Community Blog Learning Philanthropy Through a Jewish Lens

By Sydney Gross

Once a month, Isaiah Goldsmith and about 60 other teenagers from throughout Greater Boston come together at Hebrew College to debate issues that are important to them, discuss Jewish texts, and learn the ins and outs of professional philanthropy.

The teens are part of the Jewish Teen Foundation of Greater Boston (JTFGB), a four-year-old program at Hebrew College that teaches local high school students about fundraising, civic leadership, grant-making, and collective giving by asking them to choose a philanthropic mission, raise money for that effort, and to partner with non-profits – both Jewish and non-Jewish – to make a difference.

“You’re sent out into the world and you’re faced with so many organizations, around Boston, around America, around the world…. Who are you going to pick, how are you going to help, to what extent are you going to help them?” said Goldsmith, 17, of Brookline, a high school senior who has been involved in the program since tenth grade. “This type of philanthropy forces you to think about issues, societal ills, and everything that can be improved. You get to improve that reality, ameliorate some of the issues.”

JTFGB launched in 2015 as a Foundation Board Incubator program with the Jewish Teen Funders Network (JTFN), which works with educators and professionals around the country to create, connect, and support Jewish teen philanthropy programs as forms of experiential education for Jewish teens. As an incubator program, JTFN received four years of funding and an additional year of professional development from JTFN, which is generously funded by Laura Lauder and the Maimonides Fund. As it approaches its final incubator year, JTFGB is doing its own fundraising to become a self-sustaining Hebrew College program.

Each year, the teens divide into three groups – or boards – and work together to pick an issue area, debating whether it will be local, national or global. Then they look for non-profits that connect to that issue area and send RFPs to those organizations. Once grant proposals have been submitted, the teens winnow their list down and do local or virtual site visits to organizations to gain a first-hand look at how different organizations could soon become potential grant recipients.

JTFGB present check

After a fundraising kick-off event in January, they begin sending tailored solicitation emails and making pitches on the phone. Each student raises hundreds of dollars to add to their board’s total grant-making pool, before the boards choose organizations to receive their funding and announcing the final grant recipients in May. And throughout the process, the teens are introduced to Jewish texts and ideas, as well as to peers who have backgrounds and experiences that are different from their own.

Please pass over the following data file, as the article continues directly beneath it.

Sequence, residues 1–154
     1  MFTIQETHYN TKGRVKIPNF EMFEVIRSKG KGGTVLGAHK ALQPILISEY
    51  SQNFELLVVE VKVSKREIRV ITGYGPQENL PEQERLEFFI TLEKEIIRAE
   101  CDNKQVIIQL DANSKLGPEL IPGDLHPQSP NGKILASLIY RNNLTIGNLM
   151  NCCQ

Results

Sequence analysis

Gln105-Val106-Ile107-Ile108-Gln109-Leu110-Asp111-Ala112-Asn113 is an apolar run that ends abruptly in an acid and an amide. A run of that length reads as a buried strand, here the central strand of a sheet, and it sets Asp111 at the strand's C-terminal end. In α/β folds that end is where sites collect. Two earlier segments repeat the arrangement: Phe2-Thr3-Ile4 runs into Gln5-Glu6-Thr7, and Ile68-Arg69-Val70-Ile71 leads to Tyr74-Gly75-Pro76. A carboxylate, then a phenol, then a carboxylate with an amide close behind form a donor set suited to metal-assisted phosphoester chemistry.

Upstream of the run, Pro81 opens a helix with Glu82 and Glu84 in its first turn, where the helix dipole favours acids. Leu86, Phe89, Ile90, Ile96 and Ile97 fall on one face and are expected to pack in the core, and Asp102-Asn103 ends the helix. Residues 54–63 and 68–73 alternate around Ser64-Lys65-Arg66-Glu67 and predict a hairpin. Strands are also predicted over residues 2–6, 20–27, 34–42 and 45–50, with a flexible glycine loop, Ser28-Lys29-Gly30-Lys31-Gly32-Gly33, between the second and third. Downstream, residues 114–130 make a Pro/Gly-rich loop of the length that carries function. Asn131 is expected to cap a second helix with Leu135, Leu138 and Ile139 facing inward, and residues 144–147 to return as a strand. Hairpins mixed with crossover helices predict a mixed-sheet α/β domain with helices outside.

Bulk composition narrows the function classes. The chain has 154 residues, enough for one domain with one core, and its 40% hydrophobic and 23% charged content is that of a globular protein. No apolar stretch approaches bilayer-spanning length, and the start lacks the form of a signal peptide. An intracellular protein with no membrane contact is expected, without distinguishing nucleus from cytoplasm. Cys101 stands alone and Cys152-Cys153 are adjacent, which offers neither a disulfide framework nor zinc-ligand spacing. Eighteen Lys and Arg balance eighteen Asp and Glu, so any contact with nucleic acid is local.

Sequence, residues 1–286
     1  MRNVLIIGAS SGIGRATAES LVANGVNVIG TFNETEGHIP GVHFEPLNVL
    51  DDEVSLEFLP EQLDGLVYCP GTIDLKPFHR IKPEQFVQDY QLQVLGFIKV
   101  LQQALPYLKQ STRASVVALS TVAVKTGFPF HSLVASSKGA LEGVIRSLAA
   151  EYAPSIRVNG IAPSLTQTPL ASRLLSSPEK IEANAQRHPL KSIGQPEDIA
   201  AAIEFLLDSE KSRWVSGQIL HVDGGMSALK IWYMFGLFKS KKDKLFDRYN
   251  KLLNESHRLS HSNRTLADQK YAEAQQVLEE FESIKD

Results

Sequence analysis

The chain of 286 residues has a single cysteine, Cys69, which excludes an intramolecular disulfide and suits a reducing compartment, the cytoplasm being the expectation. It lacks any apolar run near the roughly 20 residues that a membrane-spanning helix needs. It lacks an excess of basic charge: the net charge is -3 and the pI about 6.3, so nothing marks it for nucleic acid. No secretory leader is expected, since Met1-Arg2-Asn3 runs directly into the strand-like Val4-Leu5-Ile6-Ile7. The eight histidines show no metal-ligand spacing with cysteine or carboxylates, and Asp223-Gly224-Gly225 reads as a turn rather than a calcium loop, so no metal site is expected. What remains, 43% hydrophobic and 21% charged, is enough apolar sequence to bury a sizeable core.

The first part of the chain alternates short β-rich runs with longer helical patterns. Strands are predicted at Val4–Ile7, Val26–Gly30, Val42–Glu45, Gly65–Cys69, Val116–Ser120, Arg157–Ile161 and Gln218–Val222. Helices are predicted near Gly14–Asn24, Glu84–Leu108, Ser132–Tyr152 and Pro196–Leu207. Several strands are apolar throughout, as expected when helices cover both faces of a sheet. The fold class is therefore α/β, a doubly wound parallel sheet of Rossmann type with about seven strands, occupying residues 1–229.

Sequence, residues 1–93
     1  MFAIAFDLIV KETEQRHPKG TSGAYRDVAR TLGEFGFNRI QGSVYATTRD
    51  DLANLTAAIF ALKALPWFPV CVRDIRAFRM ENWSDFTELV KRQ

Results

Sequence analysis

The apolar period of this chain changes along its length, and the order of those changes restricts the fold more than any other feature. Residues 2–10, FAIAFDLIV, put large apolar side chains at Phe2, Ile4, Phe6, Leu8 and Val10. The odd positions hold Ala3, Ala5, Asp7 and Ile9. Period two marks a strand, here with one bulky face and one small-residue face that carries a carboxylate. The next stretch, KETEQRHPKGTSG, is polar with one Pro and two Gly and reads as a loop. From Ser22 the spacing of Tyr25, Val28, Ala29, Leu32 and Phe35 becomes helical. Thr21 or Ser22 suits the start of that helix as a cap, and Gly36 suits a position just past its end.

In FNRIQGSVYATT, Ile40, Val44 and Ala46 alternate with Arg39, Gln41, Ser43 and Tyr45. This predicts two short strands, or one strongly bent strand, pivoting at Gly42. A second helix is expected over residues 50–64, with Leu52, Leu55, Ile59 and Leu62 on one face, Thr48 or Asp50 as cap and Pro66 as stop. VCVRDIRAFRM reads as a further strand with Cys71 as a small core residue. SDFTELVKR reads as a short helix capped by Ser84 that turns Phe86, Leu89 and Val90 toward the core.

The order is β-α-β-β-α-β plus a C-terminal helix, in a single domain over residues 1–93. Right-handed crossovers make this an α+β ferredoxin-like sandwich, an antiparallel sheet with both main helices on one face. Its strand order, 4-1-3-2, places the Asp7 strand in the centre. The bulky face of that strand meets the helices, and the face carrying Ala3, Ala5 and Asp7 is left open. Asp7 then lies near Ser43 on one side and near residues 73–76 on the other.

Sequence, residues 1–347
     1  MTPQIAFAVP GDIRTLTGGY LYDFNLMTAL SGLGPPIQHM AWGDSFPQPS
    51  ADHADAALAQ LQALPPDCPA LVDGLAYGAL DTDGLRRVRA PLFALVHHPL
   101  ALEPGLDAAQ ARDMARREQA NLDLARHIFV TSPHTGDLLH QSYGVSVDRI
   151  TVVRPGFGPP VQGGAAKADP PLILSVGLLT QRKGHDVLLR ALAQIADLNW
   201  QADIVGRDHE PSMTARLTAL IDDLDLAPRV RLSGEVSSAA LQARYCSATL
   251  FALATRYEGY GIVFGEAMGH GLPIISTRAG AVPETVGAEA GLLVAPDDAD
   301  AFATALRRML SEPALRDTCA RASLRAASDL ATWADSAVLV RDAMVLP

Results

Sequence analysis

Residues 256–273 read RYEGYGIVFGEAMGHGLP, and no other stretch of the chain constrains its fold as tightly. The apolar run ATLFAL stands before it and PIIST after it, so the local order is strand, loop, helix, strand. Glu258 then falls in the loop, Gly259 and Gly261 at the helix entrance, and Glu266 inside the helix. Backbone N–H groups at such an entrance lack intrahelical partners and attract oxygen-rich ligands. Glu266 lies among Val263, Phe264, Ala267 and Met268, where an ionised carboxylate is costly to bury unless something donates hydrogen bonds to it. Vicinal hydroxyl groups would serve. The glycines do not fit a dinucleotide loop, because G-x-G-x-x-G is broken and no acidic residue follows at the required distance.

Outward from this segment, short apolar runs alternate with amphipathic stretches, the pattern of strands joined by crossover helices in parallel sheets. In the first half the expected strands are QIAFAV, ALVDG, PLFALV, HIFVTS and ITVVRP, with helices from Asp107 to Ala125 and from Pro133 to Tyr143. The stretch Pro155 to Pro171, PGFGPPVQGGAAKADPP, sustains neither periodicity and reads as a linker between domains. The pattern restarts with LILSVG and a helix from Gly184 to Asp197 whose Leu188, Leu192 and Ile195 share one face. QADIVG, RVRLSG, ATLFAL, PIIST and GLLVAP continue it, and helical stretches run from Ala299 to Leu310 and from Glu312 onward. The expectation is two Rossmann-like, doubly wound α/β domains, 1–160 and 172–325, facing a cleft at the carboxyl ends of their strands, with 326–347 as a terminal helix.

“Everybody’s voice is heard. No question is turned down… We all work together, as a real board,” said Sophie Ostrovitz, 17, a high school junior from Braintree. “I really love that it’s a Jewish organization; it really does focus on Jewish values, like tikkun olum, repairing the world. I think that’s important in today’s world.”

Over the past three years, the program has donated $146,000 to various organizations that help fight sexual assault, mental health, and substance abuse, amongst other issues. This year, the teens are seeking to raise thousands of dollars from hundreds of different donors from across the world for organizations that support immigration rights, various environment issues, and combat child abuse.

“We’re basically helping to create the next generation of Jewish philanthropists,” said Leslie Pucker, a former JTFGB parent, who is now co-chair of the program’s Advisory Council. “It’s a wonderful way for the community to see the impact of these teens, both in the Jewish community and beyond.”

JTFGB programLast month, the program kicked off its 2019 fundraising at an event featuring nearly a dozen philanthropists and fundraisers, who shared their knowledge, expertise, and passion with the teenagers. Speakers included Aron Ain, CEO of Kronos; Melanie Camp, Director of Major Gift Acquisition at CJP; Carrie Coughlin, Director of Development at Mother Caroline Academy; Bill Gabovitch, General Counsel at Primark US; Sophie Gildesgame, Senior Philanthropy officer at BARCC; Annmarie Quezada, Executive Director at Mother Caroline Academy; Nina Robinson, Director of Individual Giving at uAspire; Seth Rosenzweig, CEO of Team Impact; Ben Sigel, Director of Client and Community Relations at Mintz Levin; and Jennifer Weinstock, Associate Head of School for External Relations at Gann Academy and incoming Vice President of Philanthropy at CJP.

Abby Ganz, 17, a high school junior from Sudbury, said the kick-off transformed the way she thinks about philanthropy and fundraising.

“It makes you appreciate all the different ways you can be good to the world, in small ways,” she said. “And we can treat ourselves seriously because what we’re doing is just as serious as what they do in their real jobs.”

“You really do get to feel like you’ve made an impact,” added Goldsmith. “That can either manifest itself in seeing the people you want to help when you go on site visits, or abstractly knowing that the money you’ve raised will go on to help more people than you can ever meet.”

Learn more about JTFGB

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